Senate passes competing property tax cut
SIOUX FALLS, S.D. (Dakota News Now) - As the South Dakota legislative session nears the end, both lawmakers and the Governor agree that they want to find a tax cut, but they can’t agree on exactly what the tax cut should be.
The senate easily passed out a “Property tax cut” proposal this afternoon. As we approach the final week of the legislative session, lawmakers will have to compromise on which tax to cut, and they’ll do it with the looming threat of a Noem veto overhead.
Noem has threatened to veto the budget bill if the legislature does not produce a permanent tax cut, preferring a full cut of the grocery tax. She was also critical early this week of a proposed sales tax cut by the senate that would only last two years.
“If the legislature pursues a temporary tax cut, and instead goes on a spending spree, it will hurt our families and businesses,” said Governor Noem. “Businesses and families will not move to South Dakota for a temporary tax cut.”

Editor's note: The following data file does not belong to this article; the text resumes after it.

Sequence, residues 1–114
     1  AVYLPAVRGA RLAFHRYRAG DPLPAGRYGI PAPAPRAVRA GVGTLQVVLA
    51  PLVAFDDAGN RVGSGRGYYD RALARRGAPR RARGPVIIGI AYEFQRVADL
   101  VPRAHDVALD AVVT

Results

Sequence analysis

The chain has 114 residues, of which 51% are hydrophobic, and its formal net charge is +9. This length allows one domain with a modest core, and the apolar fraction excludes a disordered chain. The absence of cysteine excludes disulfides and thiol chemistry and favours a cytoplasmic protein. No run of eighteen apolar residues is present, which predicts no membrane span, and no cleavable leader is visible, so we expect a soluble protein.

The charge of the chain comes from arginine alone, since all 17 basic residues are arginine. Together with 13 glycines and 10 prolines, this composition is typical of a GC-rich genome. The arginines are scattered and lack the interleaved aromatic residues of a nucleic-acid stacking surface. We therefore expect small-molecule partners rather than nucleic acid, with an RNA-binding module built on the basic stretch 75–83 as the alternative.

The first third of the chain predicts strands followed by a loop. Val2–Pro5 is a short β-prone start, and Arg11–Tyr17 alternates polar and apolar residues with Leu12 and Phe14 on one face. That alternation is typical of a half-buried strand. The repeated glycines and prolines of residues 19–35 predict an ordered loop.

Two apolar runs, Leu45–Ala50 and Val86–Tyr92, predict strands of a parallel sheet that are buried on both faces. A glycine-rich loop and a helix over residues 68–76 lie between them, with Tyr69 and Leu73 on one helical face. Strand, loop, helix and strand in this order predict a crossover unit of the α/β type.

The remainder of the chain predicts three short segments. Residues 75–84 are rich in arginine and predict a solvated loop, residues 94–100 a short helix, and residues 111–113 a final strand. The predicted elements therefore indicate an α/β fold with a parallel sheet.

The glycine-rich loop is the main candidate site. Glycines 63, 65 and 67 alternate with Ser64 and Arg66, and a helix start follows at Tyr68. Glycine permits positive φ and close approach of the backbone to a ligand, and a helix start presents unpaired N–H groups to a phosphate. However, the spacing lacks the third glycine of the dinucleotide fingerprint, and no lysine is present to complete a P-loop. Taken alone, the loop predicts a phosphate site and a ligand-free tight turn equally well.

Thursday, the senate easily passed a bill that would send $425 checks to every owner-occupied home in the state, which is intended to relieve property tax burdens.
”Why wouldn’t we want folks to have some property tax relief?” said Republican Senate Majority Leader Casey Crabtree. “Again, this is one hundred and four million property tax relief, that’s 245,302 houses that would get a rebate of 425 dollars.”
Earlier this week, the house sent a clean general sales tax cut bill to the senate after they added a “sunset clause” to their original sales tax cut bill, which would have made the cut only last until 2025.
“We are keenly aware that it takes two to tango if you are going to cut taxes, we are looking forward to working with our friends in the senate, and learning their priorities so we can see where we match up,” said Republican House Majority Leader Will Mortenson.
Legislative leadership Thursday said that they will be in constant communication between now and the end of the session to get this tax cut hashed out, and they believe they will deliver some sort of tax cut to South Dakotans.
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